Three Ups and Three Downs in Midsommar Summer Lovin'

Ari Aster’s highly anticipated second horror outing after Hereditary takes us to Sweden to take part in a mid-summer festival. Did Midsommar live up to the hype or did it just become a Sunday morning dancing ceremony?

We will be giving away MAJOR SPOILERS from now on.

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Up 1: The Sets

The film takes us to a Swedish commune that is well away from the world. We have oddly shaped buildings placed in the middle of the field, each with a different level of importance to the community. Once inside the buildings, we get perfect wall decorations which are filled with hints to what is going to happen through the festival. Each small cube has such detail, you will spend more time studying them than anything else going on through the film.

Down 1: Male American Characters

Midsommar has a bunch of Americans who go to this festival. We are not going to talk about Dani yet, but Christian, Josh, and Mark are students, and while we don’t learn anything about what Christian and Mark are studying, they do seem to all come out of the same class of philosophers, with Josh wanting to learn about different cultures, including this one. Josh becomes greedy for success in his page, willing to break rules, Christian thinks he can wing it and suddenly wants to write on the community, while Mark might get laughs, but he has no idea how to treat another culture. The three Americans are just terrible examples of people that are willing to push people back to get ahead in life, we have no idea what they want from their lives or anything, making us give zero care about what happens to them.

Up 2: Graphic Injuries

Midsommar has one of the most shocking injury-inflicting moments you will see this year, the first day of the festival, which sees an elderly couple commit suicide, where we see the impact of the injuries in a truly shocking level of detail that must make you wince with what you see. We do get to see some shocking moments which include lungs hanging out of a body; shocking and intriguing all at once.

Down 2: Drugs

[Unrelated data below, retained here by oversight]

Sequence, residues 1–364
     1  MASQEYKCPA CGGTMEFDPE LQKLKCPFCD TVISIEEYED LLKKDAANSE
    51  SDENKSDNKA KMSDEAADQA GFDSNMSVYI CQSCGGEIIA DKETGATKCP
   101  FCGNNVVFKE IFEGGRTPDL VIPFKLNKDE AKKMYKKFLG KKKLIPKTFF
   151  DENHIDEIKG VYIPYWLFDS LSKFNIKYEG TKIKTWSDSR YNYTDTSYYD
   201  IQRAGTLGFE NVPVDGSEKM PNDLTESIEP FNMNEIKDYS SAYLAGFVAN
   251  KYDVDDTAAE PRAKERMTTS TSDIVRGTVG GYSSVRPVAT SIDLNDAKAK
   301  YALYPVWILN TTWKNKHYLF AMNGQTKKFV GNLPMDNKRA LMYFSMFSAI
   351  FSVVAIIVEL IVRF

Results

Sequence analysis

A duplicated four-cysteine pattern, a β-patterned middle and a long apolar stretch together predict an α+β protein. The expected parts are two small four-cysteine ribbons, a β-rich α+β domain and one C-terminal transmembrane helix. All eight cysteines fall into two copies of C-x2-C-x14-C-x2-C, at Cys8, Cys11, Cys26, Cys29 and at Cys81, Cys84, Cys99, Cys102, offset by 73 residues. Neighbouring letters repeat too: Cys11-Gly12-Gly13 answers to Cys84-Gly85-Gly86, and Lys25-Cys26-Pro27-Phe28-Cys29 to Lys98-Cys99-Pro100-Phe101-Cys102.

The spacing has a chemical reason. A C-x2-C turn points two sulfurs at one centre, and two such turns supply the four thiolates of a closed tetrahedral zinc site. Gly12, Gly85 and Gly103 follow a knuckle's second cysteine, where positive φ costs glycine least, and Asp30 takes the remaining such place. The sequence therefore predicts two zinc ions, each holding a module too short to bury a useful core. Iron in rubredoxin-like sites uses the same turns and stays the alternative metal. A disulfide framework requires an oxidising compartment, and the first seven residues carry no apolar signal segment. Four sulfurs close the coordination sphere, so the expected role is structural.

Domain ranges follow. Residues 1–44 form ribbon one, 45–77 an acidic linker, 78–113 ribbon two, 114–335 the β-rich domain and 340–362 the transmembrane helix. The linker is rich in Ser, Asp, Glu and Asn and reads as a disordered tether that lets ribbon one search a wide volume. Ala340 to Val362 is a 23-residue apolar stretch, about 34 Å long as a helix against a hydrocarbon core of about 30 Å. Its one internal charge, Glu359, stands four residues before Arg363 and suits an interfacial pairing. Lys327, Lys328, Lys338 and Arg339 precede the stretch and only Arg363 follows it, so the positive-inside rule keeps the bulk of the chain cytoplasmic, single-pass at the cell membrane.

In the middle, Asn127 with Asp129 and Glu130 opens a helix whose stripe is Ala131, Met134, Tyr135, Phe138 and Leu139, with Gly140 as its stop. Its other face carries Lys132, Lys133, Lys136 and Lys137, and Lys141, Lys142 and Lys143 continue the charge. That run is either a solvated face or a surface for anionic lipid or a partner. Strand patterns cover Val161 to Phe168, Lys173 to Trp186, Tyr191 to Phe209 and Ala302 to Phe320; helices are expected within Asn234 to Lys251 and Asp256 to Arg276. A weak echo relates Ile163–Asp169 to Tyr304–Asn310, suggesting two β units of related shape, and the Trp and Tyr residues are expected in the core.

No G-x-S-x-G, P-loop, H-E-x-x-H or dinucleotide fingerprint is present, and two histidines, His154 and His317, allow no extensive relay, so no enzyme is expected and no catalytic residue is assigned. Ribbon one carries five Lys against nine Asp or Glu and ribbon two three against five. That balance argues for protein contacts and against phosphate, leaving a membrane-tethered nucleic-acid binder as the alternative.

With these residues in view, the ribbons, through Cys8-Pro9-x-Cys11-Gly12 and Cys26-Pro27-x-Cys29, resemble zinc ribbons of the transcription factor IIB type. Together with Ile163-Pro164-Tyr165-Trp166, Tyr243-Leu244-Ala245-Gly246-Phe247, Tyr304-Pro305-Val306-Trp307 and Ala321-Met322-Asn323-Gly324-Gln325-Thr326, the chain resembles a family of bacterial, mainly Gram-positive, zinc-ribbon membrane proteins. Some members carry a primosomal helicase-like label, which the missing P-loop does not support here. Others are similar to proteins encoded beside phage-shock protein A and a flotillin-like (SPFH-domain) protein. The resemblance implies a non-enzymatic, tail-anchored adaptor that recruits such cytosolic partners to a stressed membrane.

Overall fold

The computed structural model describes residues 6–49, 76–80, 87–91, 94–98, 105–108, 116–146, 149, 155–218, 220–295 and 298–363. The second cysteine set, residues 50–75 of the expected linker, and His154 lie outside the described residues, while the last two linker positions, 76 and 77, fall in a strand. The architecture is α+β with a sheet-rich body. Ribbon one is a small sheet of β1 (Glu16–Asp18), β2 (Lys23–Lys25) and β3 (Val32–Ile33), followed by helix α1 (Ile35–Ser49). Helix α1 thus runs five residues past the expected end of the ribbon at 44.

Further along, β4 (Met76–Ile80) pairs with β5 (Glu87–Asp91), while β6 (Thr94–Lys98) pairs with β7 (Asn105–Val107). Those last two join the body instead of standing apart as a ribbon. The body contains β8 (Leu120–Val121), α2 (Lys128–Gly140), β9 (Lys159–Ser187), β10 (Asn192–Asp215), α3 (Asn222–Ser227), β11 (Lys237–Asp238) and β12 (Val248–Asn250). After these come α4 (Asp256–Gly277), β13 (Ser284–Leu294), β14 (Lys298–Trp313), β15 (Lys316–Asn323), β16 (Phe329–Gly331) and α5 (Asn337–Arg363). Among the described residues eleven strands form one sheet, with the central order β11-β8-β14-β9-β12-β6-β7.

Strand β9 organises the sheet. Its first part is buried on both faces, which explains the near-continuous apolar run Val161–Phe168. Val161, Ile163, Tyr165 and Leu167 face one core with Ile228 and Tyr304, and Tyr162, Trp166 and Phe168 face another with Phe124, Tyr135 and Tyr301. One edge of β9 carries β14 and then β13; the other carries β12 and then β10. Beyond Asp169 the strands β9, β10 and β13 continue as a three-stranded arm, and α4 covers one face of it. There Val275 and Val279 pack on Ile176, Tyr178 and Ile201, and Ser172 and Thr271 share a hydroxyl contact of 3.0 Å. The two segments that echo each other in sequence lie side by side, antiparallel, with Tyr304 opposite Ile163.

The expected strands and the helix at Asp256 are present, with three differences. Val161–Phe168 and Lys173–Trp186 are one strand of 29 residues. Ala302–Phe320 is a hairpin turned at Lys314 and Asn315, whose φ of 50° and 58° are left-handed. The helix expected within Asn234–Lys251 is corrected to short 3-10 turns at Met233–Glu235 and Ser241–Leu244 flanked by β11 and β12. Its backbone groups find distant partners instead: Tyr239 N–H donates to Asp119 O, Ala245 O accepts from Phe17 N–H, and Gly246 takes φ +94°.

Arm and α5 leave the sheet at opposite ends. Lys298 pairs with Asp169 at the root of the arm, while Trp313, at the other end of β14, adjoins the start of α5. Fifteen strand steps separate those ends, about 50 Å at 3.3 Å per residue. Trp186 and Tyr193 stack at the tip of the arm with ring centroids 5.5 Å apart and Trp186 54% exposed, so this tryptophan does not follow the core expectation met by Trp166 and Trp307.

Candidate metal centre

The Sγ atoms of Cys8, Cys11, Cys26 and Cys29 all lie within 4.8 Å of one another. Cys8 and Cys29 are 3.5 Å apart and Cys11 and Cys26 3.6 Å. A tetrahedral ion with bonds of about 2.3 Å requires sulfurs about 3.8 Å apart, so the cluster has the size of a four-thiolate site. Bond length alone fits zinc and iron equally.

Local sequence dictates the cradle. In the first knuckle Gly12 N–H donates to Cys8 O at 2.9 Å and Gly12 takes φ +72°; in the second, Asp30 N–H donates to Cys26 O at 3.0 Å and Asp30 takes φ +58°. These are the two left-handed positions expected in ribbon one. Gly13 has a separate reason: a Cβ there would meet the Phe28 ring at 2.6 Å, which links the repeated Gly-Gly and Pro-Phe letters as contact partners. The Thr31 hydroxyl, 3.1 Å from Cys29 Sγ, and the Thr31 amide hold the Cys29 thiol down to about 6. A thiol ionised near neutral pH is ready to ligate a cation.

Midsommar does turn to one of the laziest horror movie tropes: just make your characters stoners. Most of the Americans are just looking to get high. The first thing they do when they arrive is getting high. Would you really take any liquid from a group who celebrate suicide within their ranks? The simple answer is going to be no, however much you enjoy the odd moment of getting high. Making nearly all the horror moments in the film based on hallucinations that the characters are having does take away a lot of the horror involved in the film.

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Up 3: Florence Pugh

Florence Pugh does give us one of the most powerful performances in horror this year. It might not quite top Lupita Nyong’o, but she does make us believe that she is suffering through an extreme level of grief which can come on and take over her life at different stages, on different levels. We need her character to be one that we can sympathize with, which is what Florence delivers on, proving once again that she is a major name to be watching in the acting world.

Down 3: Just Run

Midsommar has the drug problem, but the biggest frustration in the horror genre is when the characters should and can just get out before everything gets out of hand, only choose not to. We do have the English couple try to leave, we do see what happens to one of them, but the other, no idea (please fill this in if you saw this). The American side of it doesn’t even bat an eyelid to seeing what happened, which is the most disturbing part of the film, because it isn’t ok to just watch a suicide and think it is fine, whatever the culture might be. When any horror film fails to capture the idea that the character should only walk away from a situation they know is only going to get worse, it leaves you wondering how these students get that far into their university degrees.

What were your ups & downs in Midsommar?

Darren Lucas

Darren starting writing for films at Movies Reviews 101. He joined the Ready Steady Cut team in 2018 and is a proud member of the LAMB (Large Association of movie bloggers).

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